Appeals, Nos. 125 and 126, Jan. T., 1952, from judgment of Superior Court, Oct. T., 1951, Nos. 154 and 155, affirming judgment of Court of Common Pleas No. 2 of Philadelphia County, March T., 1948, No. 1839, in case of Salvatore Lanni et ux. v. Pennsylvania Railroad Company. Judgment reversed.
H. Francis DeLone, with him F. Hastings Griffin, Jr., and Barnes, Dechert, Price, Myers & Rhoads, for appellant.
John J. McDevitt, 3rd, with him Peter P. Liebert, 3rd, for appellees.
Before Drew, C.j. Stern, Stearne, Jones, Bell, Chidsey and Musmanno, JJ.
OPINION BY MR. JUSTICE BELL
This appeal involves the question of whether plaintiff's proof of negligence was sufficient to take the case to the jury or, more particularly, whether the evidence of constructive notice was sufficient.
Plaintiffs brought an action of trespass for injuries to the wife-plaintiff which resulted from a fall on the station driveway of the defendant at North Philadelphia Station, Philadelphia. They alighted at North Philadelphia Station on September 8, 1946, at approximately 3:30 p.m. They walked from the station platform to one of the sidewalks just outside the station building. They then stepped from the sidewalk curb down onto the station driveway at a place where motor vehicles were very frequently driven and ofttimes stopped or parked. Mrs. Lanni's foot slipped upon a spot of oil or grease (hereinafter referred to as a grease spot) which was in the station driveway and she fell onto the driveway and suffered substantial injuries, for which the jury gave her a verdict. It is not clear from the testimony whether she stepped directly from the sidewalk onto the grease spot or whether her second
step was on the grease spot and for purposes of this case it is immaterial.
The testimony as to the grease spot was vague and contradictory, but since the question on this appeal is whether the defendant is entitled to judgment n.o.v., the testimony must be considered in the light most favorable to the plaintiffs and any conflict in the testimony must be resolved in their favor. Miller v. Pennsylvania R.R., 368 Pa. 507, 84 A.2d 200; McDonald v. Ferrebee, 366 Pa. 543, 79 A.2d 232. The grease spot was approximately one foot square and was covered with dust or dirt so that the plaintiff did not notice any danger. The driveway was dusty or dirty; the day was clear; there was no evidence whether it was calm or windy. There was likewise no evidence how thick the grease spot was and in particular there was no evidence how long it had been on the driveway. When Mrs. Lanni slipped, her heel left a mark through the entire length of the grease spot, but there were no other marks thereon which might have been made by other pedestrians.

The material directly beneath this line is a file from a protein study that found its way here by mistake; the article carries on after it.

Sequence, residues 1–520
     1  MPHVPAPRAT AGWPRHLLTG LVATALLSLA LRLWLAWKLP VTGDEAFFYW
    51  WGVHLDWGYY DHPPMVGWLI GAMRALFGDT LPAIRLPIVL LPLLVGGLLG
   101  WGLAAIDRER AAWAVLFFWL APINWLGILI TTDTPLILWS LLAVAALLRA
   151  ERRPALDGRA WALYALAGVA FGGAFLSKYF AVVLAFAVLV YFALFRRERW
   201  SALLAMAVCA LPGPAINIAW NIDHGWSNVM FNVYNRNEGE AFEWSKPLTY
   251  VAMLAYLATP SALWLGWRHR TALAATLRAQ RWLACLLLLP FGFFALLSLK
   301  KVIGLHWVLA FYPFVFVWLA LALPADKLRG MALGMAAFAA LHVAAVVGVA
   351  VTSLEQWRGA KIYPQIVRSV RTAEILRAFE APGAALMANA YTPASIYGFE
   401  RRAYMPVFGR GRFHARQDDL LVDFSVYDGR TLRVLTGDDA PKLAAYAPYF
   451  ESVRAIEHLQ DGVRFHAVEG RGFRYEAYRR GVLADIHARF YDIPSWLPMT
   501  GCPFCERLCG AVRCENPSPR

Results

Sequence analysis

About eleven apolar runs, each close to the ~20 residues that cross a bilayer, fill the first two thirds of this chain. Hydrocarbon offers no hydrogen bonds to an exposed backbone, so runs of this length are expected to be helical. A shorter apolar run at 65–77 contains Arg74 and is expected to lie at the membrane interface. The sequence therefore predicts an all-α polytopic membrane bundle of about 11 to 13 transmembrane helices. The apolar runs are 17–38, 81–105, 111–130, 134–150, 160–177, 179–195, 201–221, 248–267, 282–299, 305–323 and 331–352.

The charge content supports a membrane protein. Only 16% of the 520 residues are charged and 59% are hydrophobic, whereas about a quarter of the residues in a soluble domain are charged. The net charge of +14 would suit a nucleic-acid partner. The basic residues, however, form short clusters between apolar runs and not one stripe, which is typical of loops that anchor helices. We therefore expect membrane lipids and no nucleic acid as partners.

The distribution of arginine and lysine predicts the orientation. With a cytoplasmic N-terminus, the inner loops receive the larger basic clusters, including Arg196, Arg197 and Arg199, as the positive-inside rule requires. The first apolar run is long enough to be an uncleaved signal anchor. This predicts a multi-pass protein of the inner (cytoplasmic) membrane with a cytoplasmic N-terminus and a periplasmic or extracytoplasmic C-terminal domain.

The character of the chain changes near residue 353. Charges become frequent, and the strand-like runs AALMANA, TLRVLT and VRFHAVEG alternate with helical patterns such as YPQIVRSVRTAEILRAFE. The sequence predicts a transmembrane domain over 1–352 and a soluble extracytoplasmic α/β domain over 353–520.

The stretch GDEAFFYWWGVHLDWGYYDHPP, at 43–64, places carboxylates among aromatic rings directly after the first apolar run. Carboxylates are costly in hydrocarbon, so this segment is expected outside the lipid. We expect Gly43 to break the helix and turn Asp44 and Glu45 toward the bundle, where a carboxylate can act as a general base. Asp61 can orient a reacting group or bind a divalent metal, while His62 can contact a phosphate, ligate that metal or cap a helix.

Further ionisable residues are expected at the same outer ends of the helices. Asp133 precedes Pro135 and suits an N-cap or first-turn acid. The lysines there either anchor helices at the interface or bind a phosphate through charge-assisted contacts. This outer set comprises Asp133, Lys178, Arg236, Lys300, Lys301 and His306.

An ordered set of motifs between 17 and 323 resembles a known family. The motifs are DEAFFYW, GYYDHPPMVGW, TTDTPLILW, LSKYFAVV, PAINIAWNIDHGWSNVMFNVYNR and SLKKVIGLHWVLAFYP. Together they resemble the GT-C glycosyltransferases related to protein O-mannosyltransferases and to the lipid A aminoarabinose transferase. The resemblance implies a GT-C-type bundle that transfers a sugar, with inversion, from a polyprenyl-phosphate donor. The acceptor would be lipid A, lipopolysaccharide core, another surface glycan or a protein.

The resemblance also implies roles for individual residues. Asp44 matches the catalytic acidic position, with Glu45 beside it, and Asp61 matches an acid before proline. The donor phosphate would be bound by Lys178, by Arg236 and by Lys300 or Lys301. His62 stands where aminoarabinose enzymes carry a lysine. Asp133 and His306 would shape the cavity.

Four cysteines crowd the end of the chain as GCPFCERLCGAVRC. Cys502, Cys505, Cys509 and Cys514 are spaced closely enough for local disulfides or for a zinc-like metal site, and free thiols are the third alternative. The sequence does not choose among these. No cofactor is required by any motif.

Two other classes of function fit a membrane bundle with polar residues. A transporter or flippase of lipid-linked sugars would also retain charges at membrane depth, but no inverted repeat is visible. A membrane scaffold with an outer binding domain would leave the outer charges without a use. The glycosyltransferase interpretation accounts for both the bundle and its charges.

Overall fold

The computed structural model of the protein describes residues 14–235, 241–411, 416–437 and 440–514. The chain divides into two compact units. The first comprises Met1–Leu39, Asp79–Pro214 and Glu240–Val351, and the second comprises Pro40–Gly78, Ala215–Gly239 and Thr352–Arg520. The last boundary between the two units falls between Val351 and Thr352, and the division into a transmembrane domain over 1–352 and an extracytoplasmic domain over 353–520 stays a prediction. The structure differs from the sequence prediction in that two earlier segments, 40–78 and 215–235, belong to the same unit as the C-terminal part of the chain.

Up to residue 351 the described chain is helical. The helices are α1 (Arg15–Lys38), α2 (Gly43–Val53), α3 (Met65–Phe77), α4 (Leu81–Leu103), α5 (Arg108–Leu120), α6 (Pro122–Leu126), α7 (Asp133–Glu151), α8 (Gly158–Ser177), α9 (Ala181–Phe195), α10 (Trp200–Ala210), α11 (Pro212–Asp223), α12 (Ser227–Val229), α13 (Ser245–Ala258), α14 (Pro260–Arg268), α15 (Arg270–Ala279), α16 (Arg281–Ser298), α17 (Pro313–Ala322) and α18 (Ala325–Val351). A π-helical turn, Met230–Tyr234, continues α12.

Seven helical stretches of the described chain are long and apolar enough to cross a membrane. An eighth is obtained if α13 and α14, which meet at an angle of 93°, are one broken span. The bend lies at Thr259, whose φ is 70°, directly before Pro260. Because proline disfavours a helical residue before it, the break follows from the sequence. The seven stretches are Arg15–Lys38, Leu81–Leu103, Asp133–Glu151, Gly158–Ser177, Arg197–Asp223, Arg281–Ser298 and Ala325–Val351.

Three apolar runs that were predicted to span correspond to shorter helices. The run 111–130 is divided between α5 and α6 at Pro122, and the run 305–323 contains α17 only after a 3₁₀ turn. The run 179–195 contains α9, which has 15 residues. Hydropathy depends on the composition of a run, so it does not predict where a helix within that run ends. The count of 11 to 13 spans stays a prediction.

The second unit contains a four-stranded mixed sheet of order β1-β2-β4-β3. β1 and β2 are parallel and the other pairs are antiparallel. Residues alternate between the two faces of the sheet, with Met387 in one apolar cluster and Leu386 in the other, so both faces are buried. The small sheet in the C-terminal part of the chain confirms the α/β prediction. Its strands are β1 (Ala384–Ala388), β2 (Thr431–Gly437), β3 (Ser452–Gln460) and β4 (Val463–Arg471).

Both the trial Court and the Superior Court were of the opinion that the jury could infer from the presence of dust or dirt which covered the grease spot that it must have existed a sufficient length of time to enable the defendant, in the exercise of reasonable care, to discover and correct the condition. This is the narrow question in the case.
The law which is applicable is well settled and has been recently thus stated in Thompson v. Gorman, 366 Pa. 242, 246, 77 A.2d 413, "The mere happening of an accident is no evidence of negligence... Plaintiff has the two-fold burden of proving that the defendant was negligent and that his negligence was the proximate cause of the accident: Houston v. Republican Athletic Association, 343 Pa. 218, 220,
A.2d 715; Reddington v. Philadelphia, 253 Pa. 390, 392, 98 A. 601; Erbe v. Philadelphia R.T. Co., 256 Pa. 567, 570, 100 A. 966; Martin v. Marateck, 345 Pa. 103, 106, 27 A.2d 42; Stauffer v. Rwy. Exp. Agency, 355 Pa. 24, 25, 47 A.2d 817."
Negligence is the absence or want of care which a reasonable man would exercise under the circumstances. Maternia v. P.R.R., 358 Pa. 149, 56 A.2d 233. We said in Miller v. Hickey, 368 Pa. 317, 325, 81 A.2d 910: "... negligence need not be proved by direct evidence, but may be inferred from attendant circumstances if the facts and circumstances are sufficient to reasonably and legitimately impute negligence: Rockey v. Ernest, 367 Pa. 538, 80 A.2d 783; Bills v. Zitterbart, 363 Pa. 207, 69 A.2d 78; Turek v. Pennsylvania R.R. Co., 361 Pa. 512, 64 A.2d 779; Randolph v. Campbell, 360 Pa. 453, 62 A.2d 60; Wright v. Straessley, 321 Pa. 1, 182 A. 682."
A jury is not permitted, however, to speculate or guess; conjecture, guess or suspicion do not amount to proof; DeReeder v. Travelers Insurance Co., 329 Pa. 328, 198 A. 45; Sharble v. ...